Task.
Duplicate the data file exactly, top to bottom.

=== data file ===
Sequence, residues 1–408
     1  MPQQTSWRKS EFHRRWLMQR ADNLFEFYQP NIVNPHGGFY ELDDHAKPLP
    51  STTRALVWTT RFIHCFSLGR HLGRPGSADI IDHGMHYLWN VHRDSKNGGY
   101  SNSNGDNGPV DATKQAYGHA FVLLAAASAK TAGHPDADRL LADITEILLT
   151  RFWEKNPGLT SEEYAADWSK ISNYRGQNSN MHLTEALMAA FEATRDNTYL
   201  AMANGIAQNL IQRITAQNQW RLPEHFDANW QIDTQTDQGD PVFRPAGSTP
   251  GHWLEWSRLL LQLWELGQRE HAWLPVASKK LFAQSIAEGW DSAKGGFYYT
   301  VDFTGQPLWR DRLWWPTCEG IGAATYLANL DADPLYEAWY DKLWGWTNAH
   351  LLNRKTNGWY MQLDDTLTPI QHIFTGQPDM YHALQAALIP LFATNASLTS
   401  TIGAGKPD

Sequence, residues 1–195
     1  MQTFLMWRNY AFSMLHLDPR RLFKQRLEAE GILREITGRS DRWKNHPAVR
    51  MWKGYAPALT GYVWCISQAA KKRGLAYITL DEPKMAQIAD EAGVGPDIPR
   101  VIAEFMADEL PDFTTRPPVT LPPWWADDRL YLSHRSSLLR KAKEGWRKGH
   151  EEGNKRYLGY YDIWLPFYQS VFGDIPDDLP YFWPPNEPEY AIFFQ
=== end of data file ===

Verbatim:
Sequence, residues 1–408
     1  MPQQTSWRKS EFHRRWLMQR ADNLFEFYQP NIVNPHGGFY ELDDHAKPLP
    51  STTRALVWTT RFIHCFSLGR HLGRPGSADI IDHGMHYLWN VHRDSKNGGY
   101  SNSNGDNGPV DATKQAYGHA FVLLAAASAK TAGHPDADRL LADITEILLT
   151  RFWEKNPGLT SEEYAADWSK ISNYRGQNSN MHLTEALMAA FEATRDNTYL
   201  AMANGIAQNL IQRITAQNQW RLPEHFDANW QIDTQTDQGD PVFRPAGSTP
   251  GHWLEWSRLL LQLWELGQRE HAWLPVASKK LFAQSIAEGW DSAKGGFYYT
   301  VDFTGQPLWR DRLWWPTCEG IGAATYLANL DADPLYEAWY DKLWGWTNAH
   351  LLNRKTNGWY MQLDDTLTPI QHIFTGQPDM YHALQAALIP LFATNASLTS
   401  TIGAGKPD

Sequence, residues 1–195
     1  MQTFLMWRNY AFSMLHLDPR RLFKQRLEAE GILREITGRS DRWKNHPAVR
    51  MWKGYAPALT GYVWCISQAA KKRGLAYITL DEPKMAQIAD EAGVGPDIPR
   101  VIAEFMADEL PDFTTRPPVT LPPWWADDRL YLSHRSSLLR KAKEGWRKGH
   151  EEGNKRYLGY YDIWLPFYQS VFGDIPDDLP YFWPPNEPEY AIFFQ